Management & Administration
Running a hospital, healthcare facility or a doctor’s office is more complex than meets the eye. Someone is responsible for scheduling of workers, patient flow, proper storage of patient data, training of professionals, maintenance of equipment, ordering of supplies and negotiate payments with insurance providers and payment networks. This list is not comprehensive, but these activities are the responsibility of a health care administrators and managers.
Careers in Management & Administration:
Medical Billing and Coding
The importance of this position can not be underestimated. In 2017, the US spent 3.5 trillion on health care. This amounts to $10,790 per person and almost 18% (17.9%) of gross domestic product (GDP).
Private insurance is responsible for 34%, government (local and federal) 56% and out of pocket (10%). With government playing such a large role, it is important to account for every penny. This is where medical billing and coding professionals come in.
Medical billing and coding professionals gather, process, and preserve medical records of individuals in hospitals. They also process, preserve, gather, and report patient information for health necessities and values in a manner constant with the healthcare industry’s numerical coding system.
Medical transcriptionists copy medical reports recorded by doctors and other healthcare professionals using various electronic devices, including office and emergency room visits, diagnostic imaging readings, operations, chart evaluations, and final synopses. They record dictated reports and translate abbreviations into a comprehensible form. They also edit these transcriptions as needed and return reports for review and signature, or correction.
Health Care Managers
Health care managers direct, plan and implement strategic medical and health services in hospitals, managed care organizes and similar healthcare organizations, including hospitals or health agencies both private and public. Specifically, a health care manager is responsible for budgeting for operations [e.g. hiring and scheduling of staff, equipment maintenance, oversee contracts with suppliers], managing data and information flow within the organization and workplace safety.
Health Care Administrators
Unlike clinicians, health administrators do not deal directly with patients. Instead, they are responsible for policy, processes and initiatives that are designed to improve hospital and health care facility operations.
According to the Bureau of Labor Statistics (BLS), 300,000 people are gainfully employed in health administration, from middle management to CEO positions. According to the BLS, healthcare administration is projected to by 17% between 2019 and 2025.
You can find administrator/managers in hospitals, physician group practices, nursing homes and home health agencies. They also work in the public sector, for example in health departments, or in the private sector, such as with pharmaceutical companies, health insurance providers, consulting firms or companies that make medical supplies and equipment.
Assistants & Practitioners
Assistants and practitioners support clinicians and nurses directly and indirectly in hospital operations and patient care. Others operate independently as massage therapists, naturopathic physicians, physical therapists and personal trainers. Each specialty requires their own specific certification.
The American Association of Medical Assistants classifies a Medical Assistant as a person that works alongside physicians in outpatient offices (medical offices and clinics) or ambulatory care facilities. (e.g. Urgent Care). Medical assistants are cross-trained to do clinical work and administrative work. The administrative work encompasses patient management, medical billing and coding and arranging for laboratory services. On the clinical side, medical assistants will prepare patients for examination, take vitals of patients, and assisting the physician during exams.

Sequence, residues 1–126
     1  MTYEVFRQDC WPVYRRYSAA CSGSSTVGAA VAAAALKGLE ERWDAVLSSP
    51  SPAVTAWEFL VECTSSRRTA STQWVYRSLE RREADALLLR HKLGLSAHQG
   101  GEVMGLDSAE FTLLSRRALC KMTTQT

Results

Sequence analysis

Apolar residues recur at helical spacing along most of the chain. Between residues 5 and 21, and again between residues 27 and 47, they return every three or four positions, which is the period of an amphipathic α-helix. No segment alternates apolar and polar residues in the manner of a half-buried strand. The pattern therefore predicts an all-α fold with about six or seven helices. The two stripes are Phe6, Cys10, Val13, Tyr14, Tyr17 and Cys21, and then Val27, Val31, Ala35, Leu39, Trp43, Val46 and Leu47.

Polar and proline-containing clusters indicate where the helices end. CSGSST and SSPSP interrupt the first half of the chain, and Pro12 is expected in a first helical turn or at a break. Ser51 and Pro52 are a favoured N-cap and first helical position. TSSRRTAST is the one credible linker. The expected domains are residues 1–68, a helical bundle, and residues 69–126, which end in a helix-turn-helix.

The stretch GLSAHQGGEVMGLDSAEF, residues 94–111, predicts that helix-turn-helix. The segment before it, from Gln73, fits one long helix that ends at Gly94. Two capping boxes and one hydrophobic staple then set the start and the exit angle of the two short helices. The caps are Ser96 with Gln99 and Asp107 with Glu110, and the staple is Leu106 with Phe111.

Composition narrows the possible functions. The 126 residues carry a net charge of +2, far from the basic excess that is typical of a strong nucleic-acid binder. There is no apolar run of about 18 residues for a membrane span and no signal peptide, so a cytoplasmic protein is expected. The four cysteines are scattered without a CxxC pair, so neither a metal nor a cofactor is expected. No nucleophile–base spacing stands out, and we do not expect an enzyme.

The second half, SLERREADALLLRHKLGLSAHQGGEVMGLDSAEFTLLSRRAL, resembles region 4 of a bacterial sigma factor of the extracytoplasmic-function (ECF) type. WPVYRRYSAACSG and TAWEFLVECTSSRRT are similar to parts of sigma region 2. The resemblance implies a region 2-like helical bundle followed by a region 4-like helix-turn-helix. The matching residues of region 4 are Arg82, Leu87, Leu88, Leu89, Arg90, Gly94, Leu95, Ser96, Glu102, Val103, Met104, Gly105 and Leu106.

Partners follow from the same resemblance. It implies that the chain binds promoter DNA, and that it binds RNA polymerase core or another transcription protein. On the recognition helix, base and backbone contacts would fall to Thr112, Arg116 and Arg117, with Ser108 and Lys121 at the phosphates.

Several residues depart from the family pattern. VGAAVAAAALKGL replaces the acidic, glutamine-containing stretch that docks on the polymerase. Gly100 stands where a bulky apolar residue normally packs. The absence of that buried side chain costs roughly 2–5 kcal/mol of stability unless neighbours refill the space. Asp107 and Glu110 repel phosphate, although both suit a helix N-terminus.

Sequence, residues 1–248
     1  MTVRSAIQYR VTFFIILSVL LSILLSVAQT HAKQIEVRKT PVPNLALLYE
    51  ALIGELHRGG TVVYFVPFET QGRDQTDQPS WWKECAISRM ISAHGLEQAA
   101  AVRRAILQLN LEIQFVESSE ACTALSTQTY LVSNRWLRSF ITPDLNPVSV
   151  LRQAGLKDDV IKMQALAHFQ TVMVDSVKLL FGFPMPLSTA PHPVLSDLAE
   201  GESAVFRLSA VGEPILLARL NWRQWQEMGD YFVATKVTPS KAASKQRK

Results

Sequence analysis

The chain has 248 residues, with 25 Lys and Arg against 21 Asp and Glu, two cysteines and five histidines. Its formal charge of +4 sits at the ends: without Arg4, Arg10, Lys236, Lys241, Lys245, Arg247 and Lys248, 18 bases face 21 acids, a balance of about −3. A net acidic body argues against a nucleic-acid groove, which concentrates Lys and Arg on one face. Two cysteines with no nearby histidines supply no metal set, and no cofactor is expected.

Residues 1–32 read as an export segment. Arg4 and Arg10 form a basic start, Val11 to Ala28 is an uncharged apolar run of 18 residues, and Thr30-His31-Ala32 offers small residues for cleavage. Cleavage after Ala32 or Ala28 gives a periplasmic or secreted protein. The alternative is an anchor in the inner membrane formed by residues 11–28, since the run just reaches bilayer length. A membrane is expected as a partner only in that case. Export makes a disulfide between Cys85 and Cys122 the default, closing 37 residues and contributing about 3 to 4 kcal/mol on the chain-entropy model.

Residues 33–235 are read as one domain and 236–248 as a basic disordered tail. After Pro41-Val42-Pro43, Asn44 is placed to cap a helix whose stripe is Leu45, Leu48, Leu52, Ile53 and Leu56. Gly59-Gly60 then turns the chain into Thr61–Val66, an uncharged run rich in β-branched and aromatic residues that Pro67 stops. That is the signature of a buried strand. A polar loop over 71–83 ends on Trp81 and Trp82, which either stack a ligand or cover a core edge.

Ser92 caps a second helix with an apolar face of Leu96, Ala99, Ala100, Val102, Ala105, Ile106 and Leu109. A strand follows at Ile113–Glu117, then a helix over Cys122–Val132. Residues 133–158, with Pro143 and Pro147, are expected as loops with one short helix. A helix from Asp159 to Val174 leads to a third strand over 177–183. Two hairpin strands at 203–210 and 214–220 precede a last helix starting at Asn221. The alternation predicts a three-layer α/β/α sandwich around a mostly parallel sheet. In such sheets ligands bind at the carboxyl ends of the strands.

The CMA (AAMA)® Certification, a highly desirable certification, will help prospective MA’s obtain a competitive advantage in the marketplace.
Physical Therapy Assistants and PT Aids
In the US, our promotion of fitness and the fitness craze has resulted in the number of injuries increasing by 22% from 2012- 2017. Throw in an aging population and this equates to strong demand for physical therapy, specifically physical therapy assistants and PT aids.
Physical therapist assistants help physical therapists in providing therapy procedures. In some states, may help in the development of management plans, carry out routine tasks, record the progress of treatment, and adjust specific forms of treatment in accordance with patient status and within the scope of treatment plans recognized by a physical therapist.
In most cases requires accredited or formal training program completion.
Dental assistants help dentists, set up apparatus, prepare patients for procedures, and keep accurate records.
Specific tasks include taking x-rays, inquiring about patient history, sterilizing instruments, patient comfort and care, teaching patients about oral health care and basic administrative procedures.
Job prospects for Dental Assistants, according to the American Dental Assistants Association is expected to grow by 30% from 2012-2020.
Massage therapists implement therapeutic massages of soft tissues and joints. They often help in the evaluation of range of motion and muscle strength, or suggest individuals therapy strategies.
There are currently 265+ accredited massage therapy institutions in the United States. Training programs in massage therapy generally require a high school diploma, though post-secondary education is useful. Previous studies in broad subjects such as science (especially anatomy and physiology), business and humanities are helpful.
To learn more about massage therapy careers, visit the American Massage Therapist Association.